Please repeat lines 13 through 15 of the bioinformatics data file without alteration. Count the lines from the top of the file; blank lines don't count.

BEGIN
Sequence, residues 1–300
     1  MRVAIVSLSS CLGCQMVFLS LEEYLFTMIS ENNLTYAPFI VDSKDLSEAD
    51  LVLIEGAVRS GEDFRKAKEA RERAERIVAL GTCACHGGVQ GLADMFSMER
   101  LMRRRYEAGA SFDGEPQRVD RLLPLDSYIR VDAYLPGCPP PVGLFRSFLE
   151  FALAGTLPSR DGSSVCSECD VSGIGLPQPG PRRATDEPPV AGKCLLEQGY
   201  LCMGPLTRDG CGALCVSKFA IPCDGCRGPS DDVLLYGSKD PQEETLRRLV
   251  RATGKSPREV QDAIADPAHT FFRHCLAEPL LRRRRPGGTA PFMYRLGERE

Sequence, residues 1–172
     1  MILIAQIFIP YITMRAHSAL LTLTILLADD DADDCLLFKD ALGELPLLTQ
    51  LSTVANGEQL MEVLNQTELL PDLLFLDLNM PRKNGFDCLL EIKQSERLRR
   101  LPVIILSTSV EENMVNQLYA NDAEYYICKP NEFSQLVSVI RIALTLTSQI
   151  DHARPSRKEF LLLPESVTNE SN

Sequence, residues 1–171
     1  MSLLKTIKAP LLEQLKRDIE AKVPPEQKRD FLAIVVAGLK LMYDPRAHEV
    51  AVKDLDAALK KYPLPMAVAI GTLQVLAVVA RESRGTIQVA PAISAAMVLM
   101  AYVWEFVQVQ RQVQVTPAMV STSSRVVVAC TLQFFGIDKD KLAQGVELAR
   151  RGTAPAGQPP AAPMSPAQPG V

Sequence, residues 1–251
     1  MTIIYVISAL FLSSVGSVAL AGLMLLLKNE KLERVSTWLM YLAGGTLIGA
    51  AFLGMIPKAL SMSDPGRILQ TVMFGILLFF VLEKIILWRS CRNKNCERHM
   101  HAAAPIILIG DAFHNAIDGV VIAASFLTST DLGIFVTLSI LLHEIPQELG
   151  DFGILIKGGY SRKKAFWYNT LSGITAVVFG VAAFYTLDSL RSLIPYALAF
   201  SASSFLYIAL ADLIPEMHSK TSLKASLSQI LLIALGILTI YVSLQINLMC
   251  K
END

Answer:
Sequence, residues 1–171
     1  MSLLKTIKAP LLEQLKRDIE AKVPPEQKRD FLAIVVAGLK LMYDPRAHEV
    51  AVKDLDAALK KYPLPMAVAI GTLQVLAVVA RESRGTIQVA PAISAAMVLM